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Cells can trap viruses in protein cage to stop their spread

Cells can trap viruses in protein cage to stop their spread

Researchers at The Francis Crick Institute in London have discovered that cells can trap viruses in a protein cage to stop them from spreading to neighboring cells. The study, which will be published June 19 in the Journal of Cell Biology, reveals that the vaccinia virus can escape this trap by recruiting additional proteins to dismantle the cage and propel the virus out of the cell.

The vaccinia virus usually causes only mild symptoms in healthy adults and, because it is closely related to the smallpox virus, it is a key component of anti-smallpox vaccines. During vaccinia infections, the virus replicates in the cytoplasm of a host cell and then moves along the microtubule cytoskeleton to the plasma membrane, from where it can be released into the surrounding environment. Some of the viral particles remain attached to the plasma membrane and cause the cell’s actin cytoskeleton to assemble into “tails” that help the viruses move directly into adjacent cells.

Septins are a family of cytoskeletal proteins that control a variety of cellular processes by assembling into filaments and ring-shaped structures. In contrast to microtubules and actin, septins appear to suppress vaccinia infections, although which stage of the virus’ life cycle they affect is unknown.

“We have now found that septins exert their antiviral effect by forming cage-like structures around viral particles to suppress the release of vaccinia virus from infected cells,” explains Michael Way, a group leader at The Francis Crick Institute, who performed the work in conjunction with Julia Pfanzelter, also from The Francis Crick Institute, and Serge Mostowy from Imperial College London.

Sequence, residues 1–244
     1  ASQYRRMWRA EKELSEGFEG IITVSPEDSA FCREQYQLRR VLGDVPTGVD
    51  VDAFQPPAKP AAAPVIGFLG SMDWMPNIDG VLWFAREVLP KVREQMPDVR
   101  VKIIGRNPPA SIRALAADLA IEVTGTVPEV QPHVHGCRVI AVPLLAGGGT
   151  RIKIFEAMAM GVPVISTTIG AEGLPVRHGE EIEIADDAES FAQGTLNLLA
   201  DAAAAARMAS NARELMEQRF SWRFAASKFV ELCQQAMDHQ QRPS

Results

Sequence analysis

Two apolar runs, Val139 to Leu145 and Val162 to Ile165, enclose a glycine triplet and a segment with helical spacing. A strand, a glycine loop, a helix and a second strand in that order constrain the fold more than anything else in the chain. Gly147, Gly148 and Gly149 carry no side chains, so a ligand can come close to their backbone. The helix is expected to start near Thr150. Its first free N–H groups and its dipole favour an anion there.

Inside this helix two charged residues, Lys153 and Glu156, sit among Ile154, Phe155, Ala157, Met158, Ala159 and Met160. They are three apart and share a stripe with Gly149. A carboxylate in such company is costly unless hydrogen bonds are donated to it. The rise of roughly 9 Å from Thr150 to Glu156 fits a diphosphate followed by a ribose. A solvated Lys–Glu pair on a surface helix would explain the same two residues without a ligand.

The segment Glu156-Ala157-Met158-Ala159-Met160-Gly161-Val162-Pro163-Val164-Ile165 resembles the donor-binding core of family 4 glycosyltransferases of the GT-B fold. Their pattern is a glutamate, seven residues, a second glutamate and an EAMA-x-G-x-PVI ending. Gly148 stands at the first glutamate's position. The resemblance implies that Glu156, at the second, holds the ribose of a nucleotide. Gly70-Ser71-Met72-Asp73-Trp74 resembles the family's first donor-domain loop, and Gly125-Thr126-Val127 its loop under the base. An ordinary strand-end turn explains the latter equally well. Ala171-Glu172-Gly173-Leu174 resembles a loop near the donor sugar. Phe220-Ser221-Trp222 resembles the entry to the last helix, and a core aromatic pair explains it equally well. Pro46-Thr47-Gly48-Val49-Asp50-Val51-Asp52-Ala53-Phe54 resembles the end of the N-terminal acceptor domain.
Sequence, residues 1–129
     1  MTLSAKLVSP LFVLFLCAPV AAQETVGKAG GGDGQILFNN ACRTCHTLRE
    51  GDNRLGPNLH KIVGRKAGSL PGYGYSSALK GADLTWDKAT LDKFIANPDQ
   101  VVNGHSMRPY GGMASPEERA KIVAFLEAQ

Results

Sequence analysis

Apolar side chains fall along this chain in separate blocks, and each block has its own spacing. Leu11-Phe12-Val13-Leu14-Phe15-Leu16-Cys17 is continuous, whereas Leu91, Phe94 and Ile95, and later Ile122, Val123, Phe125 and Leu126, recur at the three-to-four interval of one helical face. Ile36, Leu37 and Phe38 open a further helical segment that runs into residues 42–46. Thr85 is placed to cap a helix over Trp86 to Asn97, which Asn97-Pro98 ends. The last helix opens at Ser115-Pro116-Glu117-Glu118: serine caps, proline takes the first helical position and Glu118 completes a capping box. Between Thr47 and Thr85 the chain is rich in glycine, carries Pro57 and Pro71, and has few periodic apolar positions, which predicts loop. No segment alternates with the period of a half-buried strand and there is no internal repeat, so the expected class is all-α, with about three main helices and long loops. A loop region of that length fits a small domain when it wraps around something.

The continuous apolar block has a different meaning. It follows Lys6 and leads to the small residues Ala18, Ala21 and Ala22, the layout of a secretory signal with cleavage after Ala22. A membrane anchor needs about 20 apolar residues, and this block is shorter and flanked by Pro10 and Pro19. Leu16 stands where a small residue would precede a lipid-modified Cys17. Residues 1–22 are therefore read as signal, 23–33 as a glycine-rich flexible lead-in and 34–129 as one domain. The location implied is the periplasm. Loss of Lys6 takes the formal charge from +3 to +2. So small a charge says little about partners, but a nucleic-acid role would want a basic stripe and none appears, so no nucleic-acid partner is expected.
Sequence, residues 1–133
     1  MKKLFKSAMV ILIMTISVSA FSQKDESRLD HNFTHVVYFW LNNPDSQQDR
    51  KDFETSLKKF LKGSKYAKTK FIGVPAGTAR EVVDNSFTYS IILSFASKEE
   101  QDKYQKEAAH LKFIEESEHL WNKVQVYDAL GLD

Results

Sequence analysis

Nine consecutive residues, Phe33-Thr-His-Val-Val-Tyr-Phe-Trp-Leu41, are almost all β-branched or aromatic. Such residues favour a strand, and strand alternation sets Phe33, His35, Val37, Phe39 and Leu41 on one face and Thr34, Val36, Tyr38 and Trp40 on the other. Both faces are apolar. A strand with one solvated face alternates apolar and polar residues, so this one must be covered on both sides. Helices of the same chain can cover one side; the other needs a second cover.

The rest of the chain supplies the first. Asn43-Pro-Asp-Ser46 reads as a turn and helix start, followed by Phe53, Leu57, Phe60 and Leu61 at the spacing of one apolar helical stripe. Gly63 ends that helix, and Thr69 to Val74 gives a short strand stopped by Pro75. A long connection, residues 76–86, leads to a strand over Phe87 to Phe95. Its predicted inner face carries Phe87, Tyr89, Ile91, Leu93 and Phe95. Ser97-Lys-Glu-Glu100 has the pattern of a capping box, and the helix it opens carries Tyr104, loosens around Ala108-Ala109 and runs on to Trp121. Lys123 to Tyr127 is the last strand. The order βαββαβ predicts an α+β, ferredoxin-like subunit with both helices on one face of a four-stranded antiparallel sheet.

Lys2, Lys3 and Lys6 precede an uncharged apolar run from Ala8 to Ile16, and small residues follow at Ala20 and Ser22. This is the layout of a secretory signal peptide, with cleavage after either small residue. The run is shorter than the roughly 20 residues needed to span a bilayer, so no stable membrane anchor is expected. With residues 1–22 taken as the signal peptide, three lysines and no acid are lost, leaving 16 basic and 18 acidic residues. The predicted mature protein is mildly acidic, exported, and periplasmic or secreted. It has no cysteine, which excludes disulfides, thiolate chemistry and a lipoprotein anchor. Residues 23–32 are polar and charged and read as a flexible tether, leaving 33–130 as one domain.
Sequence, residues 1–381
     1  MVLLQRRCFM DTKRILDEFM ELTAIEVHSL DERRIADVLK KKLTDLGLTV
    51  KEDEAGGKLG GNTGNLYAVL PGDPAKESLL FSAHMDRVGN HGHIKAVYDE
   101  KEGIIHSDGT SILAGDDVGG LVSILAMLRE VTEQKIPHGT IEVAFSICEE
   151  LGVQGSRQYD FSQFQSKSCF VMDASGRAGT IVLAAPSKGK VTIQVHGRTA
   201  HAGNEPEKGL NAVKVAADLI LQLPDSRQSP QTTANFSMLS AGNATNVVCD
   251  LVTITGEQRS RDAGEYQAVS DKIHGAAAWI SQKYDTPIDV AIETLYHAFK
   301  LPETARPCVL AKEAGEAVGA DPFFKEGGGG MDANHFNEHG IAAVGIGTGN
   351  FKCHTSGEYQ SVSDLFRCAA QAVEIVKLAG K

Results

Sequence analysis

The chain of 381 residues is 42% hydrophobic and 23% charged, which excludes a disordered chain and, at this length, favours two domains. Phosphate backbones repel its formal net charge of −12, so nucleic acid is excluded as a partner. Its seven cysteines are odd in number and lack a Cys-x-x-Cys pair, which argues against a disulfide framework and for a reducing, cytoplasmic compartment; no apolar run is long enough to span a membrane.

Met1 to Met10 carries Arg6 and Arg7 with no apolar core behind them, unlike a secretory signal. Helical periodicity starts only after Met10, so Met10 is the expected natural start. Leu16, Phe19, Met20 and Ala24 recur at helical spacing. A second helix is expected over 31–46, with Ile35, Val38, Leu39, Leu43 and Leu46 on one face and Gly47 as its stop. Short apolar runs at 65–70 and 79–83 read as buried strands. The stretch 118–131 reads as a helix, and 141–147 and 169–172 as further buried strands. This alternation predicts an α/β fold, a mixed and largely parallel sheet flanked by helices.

Way and colleagues found that septins assemble around newly formed vaccinia particles soon after they arrive at the plasma membrane. This septin cage inhibits the virus’ release and delays the assembly of the actin tail that can help the virus spread to neighboring cells.

The researchers discovered that the vaccinia virus can break out of this trap by recruiting several other host cell proteins. These host factors include a protein called dynamin that, working with actin assembly proteins known as formins, displaces the septin cage by inducing the formation of an actin tail. Inhibiting dynamin or formins prevented vaccinia virus particles from escaping the septin cage.

Septins have previously been shown to form inhibitory cages around bacterial pathogens such as Shigella. “Our study represents the first example where septins play an important, inhibitory role during virus spread,” says Way. “It will be interesting to see whether septins also suppress the release of other viruses, such as herpes virus, when they fuse with the plasma membrane.”

This article was published in Science Daily website dated ‘Jun. 18, 2018’

Antibody Protects Against Both Zika and Dengue, Mouse Study Shows

Antibody Protects Against Both Zika and Dengue, Mouse Study Shows

Brazil and other areas hardest hit by the Zika virus – which can cause babies to be born with abnormally small heads – are also home to dengue virus, which is spread by the same mosquito species.

A new study led by researchers at Washington University School of Medicine in St. Louis shows that an antibody that protects against dengue virus is also effective against Zika in mice.